Happy Chat: Paltalk Buys Back Its Shares From Softbank, at a Premium
But that’s the transaction video-chat firm Paltalk and Softbank have completed. Paltalk, which sold off 20 percent of its equity to Softbank for $6 million in 2004, has bought the shares back. No one has spelled out a purchase price, but I’m told the deal will be considered a “single” for Softbank–it gets its capital back, plus a return, which in this economy ought to be a home run.
This is different from the “baby buybacks” we’re seeing as the economy sputters, in which founders reclaim all or part of their companies at distressed prices after their investors give up–think eBay (EBAY) and StumbleUpon (and perhaps Skype) or more recently, ManiaTV.
Paltalk can afford to buy its shares back because it’s an Internet video company that actually makes money, which it does via a “freemium” model. Most users can hop on the service for free, but about five percent pay for some extra features, like virtual conference rooms. People familiar with the company tell me it should be on track to throw off $4 million in cash this year from revenue of $20 million. It also has extra cash on hand these days as a result of a settlement it extracted from Microsoft (MSFT) in a patent lawsuit in March.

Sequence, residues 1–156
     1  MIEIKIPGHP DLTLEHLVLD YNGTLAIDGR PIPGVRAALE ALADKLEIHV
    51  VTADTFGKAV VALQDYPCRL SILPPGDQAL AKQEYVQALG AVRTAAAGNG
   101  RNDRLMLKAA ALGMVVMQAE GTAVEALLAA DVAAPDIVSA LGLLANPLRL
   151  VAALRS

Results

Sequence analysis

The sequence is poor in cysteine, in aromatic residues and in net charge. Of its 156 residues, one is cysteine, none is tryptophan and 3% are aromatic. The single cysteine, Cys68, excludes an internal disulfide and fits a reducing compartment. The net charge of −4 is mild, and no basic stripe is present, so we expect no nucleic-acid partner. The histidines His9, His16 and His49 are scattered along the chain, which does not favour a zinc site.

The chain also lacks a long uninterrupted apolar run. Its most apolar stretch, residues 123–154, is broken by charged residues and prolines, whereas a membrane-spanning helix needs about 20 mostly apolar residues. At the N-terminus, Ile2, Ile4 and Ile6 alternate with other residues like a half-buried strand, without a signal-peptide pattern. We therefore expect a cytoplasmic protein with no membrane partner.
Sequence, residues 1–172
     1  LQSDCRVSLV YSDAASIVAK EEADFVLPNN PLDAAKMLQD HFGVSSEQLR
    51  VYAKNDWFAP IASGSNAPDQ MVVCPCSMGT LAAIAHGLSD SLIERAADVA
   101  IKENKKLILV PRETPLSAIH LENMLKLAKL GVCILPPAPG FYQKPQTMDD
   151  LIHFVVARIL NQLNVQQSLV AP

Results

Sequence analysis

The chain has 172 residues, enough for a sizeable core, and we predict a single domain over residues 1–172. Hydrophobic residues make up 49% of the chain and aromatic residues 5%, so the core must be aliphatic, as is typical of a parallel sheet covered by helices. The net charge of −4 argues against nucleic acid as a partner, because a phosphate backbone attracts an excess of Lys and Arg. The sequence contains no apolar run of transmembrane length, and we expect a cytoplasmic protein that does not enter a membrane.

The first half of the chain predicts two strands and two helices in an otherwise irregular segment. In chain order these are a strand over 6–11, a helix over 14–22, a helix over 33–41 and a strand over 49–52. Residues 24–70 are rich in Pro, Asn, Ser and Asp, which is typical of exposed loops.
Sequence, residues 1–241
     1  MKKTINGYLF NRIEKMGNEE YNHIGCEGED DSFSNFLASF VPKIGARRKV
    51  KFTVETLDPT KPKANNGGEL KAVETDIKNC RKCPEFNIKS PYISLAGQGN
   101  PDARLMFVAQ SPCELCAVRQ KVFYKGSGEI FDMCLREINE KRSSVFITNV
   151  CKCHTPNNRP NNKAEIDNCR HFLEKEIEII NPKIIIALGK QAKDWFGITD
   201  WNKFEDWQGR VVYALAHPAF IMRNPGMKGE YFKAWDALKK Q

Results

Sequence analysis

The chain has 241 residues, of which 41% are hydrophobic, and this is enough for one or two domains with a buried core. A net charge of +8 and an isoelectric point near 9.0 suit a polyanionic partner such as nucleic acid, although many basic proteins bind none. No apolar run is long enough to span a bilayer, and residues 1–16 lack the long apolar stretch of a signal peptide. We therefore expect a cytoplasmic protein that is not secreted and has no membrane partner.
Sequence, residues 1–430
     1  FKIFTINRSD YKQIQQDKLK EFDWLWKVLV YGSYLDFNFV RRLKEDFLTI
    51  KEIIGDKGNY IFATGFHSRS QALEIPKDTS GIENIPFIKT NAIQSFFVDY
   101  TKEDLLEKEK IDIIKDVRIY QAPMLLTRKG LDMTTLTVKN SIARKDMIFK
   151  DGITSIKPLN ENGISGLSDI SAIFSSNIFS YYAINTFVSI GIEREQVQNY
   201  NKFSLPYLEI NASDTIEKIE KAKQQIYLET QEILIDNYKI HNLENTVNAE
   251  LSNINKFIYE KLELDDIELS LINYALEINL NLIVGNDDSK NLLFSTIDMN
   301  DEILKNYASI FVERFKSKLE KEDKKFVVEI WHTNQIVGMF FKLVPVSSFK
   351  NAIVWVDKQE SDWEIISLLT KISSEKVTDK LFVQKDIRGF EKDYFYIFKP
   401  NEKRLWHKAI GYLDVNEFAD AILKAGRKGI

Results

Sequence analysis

There are lots of Web companies–let alone Web video or Web chat companies–that would like those financials. But Paltalk is a steady grower, not a rocket ship. And while the company has supposedly gone down the road with potential acquirers in the past, it’s unlikely to get acquired at a huge premium.
So, it makes sense for Softbank to take money off the table; I’m told Paltalk was its last open investment from an Internet fund it raised way back in 1999. Paltalk CEO Jason Katz says he now owns 80 percent of his company.